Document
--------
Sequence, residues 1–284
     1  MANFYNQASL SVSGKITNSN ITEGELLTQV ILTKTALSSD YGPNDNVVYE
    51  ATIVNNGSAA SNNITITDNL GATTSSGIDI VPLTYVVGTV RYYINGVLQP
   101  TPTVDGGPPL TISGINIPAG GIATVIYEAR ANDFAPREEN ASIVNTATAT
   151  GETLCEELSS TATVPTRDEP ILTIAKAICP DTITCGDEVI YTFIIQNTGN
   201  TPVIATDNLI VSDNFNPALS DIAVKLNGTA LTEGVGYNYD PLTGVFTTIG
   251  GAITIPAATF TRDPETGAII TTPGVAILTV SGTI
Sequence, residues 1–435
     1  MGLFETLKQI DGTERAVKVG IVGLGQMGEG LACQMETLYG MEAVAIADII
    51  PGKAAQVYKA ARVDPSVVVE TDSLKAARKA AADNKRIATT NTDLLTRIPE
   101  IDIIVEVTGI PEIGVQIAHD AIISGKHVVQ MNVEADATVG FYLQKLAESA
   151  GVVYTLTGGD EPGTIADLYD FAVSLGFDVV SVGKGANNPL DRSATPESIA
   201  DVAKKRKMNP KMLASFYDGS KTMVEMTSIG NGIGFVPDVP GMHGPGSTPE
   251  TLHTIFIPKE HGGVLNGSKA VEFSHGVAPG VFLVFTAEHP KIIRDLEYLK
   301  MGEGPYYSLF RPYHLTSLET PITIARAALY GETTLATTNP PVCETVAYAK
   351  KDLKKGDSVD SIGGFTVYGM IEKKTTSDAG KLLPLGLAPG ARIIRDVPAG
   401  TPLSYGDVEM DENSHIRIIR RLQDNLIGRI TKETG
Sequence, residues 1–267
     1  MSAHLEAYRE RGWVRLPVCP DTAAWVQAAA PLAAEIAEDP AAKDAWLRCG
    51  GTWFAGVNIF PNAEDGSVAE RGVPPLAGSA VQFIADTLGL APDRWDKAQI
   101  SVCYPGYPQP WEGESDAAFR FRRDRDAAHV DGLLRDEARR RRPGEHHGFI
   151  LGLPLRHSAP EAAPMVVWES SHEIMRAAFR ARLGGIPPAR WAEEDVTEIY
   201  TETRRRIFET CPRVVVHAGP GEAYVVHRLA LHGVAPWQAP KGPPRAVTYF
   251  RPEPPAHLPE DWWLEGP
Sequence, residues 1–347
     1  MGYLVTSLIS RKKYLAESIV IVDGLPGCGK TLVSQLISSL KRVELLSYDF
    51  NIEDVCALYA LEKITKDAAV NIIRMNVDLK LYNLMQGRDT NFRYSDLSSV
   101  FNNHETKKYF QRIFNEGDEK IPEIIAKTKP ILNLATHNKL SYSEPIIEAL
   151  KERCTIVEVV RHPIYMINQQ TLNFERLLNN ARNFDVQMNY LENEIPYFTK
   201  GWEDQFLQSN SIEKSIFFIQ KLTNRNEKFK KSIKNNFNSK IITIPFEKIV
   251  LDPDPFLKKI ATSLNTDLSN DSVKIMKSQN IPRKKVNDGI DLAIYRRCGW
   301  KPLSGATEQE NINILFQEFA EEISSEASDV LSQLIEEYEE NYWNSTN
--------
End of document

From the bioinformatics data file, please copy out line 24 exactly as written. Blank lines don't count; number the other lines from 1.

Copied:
   251  RPEPPAHLPE DWWLEGP